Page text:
As a self-employed GP, one way you can reduce your tax bill is to offset business expenses against your trading profit. The problem is working out what you can and can’t claim for.
First, let’s look at the principle that underpins HMRC’s approach to allowable business expenses: are they “wholly and exclusively for the purposes of the trade, profession or vocation”?
In other words, did you have to spend that money to do your job? And did you use the product or service you bought only to do your job?
What they’re trying to avoid is people buying, say, a new TV for the front room and claiming it as business expense, just because they used it once to show a training video to surgery staff. Or claiming the cost of a week’s family holiday because there was a business meeting in the middle of it.
You need to understand the principle because, unfortunately, there is no big master list of allowable expenses. It’s a matter of sensible judgement on your part, and ours.
What business expenses can doctors claim?
Typically, GPs are on safe ground claiming tax relief against expenses such as:
- professional fees, memberships and subscriptions, such as the BMA or GMC
- medical instruments and equipment
- postage, stationery and office supplies
- work-related travel and accommodation
Of course, it’s not completely straightforward, and HMRC likes to throw the occasional curveball.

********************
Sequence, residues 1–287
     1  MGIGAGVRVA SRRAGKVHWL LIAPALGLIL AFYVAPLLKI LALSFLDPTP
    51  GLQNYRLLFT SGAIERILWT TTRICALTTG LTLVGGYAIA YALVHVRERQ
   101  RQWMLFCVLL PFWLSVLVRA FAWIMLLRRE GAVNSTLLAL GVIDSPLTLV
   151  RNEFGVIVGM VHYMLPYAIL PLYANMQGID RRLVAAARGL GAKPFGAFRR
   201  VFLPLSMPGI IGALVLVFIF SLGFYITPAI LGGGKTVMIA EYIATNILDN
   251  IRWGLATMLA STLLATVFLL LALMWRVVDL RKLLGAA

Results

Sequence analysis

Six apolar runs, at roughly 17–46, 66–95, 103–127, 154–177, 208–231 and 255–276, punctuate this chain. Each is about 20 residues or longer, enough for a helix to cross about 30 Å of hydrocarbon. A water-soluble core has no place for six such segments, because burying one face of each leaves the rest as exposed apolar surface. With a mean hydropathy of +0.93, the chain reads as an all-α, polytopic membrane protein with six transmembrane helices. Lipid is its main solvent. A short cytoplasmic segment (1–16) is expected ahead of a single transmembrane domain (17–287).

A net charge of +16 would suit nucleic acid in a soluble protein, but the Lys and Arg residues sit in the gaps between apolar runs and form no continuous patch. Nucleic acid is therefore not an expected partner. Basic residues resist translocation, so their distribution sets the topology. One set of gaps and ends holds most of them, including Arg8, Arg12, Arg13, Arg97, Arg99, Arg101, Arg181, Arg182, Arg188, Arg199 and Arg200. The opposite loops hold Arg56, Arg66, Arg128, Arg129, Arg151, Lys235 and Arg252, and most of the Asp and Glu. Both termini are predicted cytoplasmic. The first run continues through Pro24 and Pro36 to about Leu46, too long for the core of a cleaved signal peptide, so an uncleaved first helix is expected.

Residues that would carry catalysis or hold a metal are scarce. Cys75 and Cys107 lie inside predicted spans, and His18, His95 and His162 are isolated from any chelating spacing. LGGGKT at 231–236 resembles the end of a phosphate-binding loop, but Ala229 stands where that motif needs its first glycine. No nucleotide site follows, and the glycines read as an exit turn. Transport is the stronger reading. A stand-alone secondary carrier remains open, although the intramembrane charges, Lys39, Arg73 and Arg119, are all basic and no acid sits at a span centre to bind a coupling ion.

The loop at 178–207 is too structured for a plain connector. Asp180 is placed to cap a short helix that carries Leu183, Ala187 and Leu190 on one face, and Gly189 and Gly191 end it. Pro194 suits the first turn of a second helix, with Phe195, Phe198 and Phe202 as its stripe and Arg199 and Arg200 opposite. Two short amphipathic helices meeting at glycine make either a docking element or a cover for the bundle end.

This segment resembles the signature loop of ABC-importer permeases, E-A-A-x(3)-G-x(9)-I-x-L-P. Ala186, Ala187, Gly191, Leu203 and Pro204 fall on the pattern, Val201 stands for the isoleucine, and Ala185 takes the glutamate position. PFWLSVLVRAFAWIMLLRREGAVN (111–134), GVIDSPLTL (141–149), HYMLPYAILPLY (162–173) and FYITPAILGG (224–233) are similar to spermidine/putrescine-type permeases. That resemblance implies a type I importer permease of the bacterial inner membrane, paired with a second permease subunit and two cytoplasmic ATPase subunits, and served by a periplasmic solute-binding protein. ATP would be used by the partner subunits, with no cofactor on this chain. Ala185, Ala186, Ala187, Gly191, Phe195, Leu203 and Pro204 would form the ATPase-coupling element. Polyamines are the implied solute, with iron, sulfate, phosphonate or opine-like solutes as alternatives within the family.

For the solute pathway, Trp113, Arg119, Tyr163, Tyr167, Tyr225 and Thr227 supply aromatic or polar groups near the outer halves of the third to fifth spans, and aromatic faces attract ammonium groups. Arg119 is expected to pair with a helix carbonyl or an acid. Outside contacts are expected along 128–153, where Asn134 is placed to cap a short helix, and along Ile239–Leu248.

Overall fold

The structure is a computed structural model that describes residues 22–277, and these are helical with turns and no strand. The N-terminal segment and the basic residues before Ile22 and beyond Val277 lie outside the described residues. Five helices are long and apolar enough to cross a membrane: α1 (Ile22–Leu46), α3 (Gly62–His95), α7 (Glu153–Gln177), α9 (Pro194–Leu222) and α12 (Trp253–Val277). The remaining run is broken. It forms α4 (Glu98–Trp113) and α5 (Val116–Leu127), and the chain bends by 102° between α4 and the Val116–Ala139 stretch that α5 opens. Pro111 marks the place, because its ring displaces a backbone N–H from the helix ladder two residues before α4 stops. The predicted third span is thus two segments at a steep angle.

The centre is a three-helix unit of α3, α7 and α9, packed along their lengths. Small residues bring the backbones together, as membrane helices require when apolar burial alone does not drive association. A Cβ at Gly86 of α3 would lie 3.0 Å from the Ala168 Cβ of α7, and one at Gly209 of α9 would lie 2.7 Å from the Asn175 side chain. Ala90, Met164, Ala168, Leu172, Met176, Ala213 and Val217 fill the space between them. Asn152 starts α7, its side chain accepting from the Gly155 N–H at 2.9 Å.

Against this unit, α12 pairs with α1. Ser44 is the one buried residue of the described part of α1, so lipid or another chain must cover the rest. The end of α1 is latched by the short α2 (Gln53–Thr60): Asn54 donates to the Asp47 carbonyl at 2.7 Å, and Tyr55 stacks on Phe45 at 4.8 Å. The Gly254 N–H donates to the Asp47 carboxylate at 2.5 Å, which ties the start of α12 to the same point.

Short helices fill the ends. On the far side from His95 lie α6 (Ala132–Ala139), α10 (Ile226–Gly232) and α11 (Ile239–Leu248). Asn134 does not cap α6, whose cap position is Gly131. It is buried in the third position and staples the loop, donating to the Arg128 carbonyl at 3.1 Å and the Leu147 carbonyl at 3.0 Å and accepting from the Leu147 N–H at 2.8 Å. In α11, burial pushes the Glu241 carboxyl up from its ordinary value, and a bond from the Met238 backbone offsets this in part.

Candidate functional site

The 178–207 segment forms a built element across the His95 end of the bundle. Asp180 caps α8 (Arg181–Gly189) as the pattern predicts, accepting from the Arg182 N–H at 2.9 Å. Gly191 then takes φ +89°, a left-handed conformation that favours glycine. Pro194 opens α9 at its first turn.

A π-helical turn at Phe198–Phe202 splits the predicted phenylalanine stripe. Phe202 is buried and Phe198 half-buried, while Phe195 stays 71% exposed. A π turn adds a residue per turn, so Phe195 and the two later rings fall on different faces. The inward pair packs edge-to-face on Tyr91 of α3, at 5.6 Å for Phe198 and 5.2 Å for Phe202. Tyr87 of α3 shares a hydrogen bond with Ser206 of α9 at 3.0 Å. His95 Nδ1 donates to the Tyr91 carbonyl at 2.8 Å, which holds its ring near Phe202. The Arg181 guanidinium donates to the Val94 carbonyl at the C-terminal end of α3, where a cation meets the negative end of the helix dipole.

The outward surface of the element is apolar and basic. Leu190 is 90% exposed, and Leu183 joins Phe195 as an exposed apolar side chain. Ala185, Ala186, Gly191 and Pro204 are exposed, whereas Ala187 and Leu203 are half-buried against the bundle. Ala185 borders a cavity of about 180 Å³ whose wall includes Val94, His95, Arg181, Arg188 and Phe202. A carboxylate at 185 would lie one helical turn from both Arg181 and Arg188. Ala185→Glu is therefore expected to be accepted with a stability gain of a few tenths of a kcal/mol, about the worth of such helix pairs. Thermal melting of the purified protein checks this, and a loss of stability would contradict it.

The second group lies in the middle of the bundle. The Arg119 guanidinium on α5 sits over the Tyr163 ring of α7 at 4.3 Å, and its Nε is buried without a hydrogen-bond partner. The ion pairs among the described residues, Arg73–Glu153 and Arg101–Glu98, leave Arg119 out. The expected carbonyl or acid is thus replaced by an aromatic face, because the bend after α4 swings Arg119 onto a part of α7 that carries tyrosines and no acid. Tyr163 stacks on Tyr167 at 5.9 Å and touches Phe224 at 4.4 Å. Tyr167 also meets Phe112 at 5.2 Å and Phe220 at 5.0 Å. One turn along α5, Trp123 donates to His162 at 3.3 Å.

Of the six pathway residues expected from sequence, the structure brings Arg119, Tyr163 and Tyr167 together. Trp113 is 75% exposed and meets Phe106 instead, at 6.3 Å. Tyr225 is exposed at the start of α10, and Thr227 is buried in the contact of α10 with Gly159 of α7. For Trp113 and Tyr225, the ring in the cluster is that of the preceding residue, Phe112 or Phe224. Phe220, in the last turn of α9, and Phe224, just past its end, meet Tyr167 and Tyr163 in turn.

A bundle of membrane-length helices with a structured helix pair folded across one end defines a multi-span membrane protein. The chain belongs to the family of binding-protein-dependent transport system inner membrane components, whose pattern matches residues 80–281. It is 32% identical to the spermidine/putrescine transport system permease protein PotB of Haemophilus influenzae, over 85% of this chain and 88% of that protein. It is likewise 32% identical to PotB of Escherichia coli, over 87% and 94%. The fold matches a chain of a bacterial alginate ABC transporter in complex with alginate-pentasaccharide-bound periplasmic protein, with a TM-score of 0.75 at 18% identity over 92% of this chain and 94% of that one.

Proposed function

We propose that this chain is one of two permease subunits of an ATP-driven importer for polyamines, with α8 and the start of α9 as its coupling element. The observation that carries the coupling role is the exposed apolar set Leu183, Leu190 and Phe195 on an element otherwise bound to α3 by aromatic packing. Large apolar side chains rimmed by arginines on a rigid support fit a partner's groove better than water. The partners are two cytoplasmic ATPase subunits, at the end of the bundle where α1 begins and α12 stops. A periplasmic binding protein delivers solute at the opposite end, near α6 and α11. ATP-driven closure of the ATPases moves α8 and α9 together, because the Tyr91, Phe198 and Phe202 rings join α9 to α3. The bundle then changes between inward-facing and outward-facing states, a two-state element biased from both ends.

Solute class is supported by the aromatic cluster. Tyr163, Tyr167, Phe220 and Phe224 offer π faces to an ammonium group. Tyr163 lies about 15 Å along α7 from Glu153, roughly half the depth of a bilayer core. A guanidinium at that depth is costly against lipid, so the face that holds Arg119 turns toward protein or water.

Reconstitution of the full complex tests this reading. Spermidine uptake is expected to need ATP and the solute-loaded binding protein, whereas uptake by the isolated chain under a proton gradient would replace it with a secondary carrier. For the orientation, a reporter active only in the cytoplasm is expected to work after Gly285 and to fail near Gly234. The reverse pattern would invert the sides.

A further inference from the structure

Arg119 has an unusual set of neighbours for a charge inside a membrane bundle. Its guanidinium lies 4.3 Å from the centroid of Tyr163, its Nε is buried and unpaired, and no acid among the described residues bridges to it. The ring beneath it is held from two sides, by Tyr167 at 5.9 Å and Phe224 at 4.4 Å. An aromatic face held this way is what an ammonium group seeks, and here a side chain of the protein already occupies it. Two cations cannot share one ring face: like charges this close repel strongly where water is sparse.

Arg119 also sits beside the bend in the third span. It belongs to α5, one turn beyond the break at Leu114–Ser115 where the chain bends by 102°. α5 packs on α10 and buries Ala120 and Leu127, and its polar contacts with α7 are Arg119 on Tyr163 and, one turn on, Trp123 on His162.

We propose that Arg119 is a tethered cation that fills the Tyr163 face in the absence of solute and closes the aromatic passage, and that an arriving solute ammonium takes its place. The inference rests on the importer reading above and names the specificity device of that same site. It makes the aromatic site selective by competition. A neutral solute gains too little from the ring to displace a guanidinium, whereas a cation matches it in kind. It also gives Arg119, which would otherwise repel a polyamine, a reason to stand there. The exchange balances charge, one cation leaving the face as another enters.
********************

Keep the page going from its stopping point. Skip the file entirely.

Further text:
For example, last year, when personal protective equipment (PPE) became a hot topic, HMRC took everyone by surprise when it said PPE couldn’t be claimed by employees as a business expense for tax purposes.
Self-employed GPs should be exempt from that but if you’re employed by the NHS or a private healthcare provider part-time while also operating freelance, things will get complicated.
You might also wonder why training courses aren’t included on the list above. After all, GPs are expected to keep their professional knowledge up to date, and they certainly don’t do all that studying for pleasure.
Unfortunately, HMRC tends to take the view that professional development benefits you as an individual, in the long-term, and therefore fails the “wholly and exclusively” test.
That’s not to say you shouldn’t ever claim for training but it has to be thought through carefully – and be ready for your claim to be disputed.
Travel expenses and mileage
First, it’s important to be clear that HMRC does not consider your commute into the surgery where you normally work as an allowable expense.
Beyond that, doctors who use their own cars for travel, and who aren’t reimbursed through an employer or trust, can claim tax relief based on mileage.
It’s important to keep notes and receipts for fuel, public transport tickets, tolls, parking and anything else you might claim as a business travel expense.
Be aware that when it comes to food and drink, HMRC is strict about what counts as a business expense: ‘normal meals’ cannot be claimed. That includes breakfast before work and dinner at home, which you’d be eating and paying for regardless of business travel.
There are possible exceptions, though – if you’ve had to make an early start to get to another practice, for example, which is common for locum GPs.
Talk to us about tax relief on business expenses for GPs.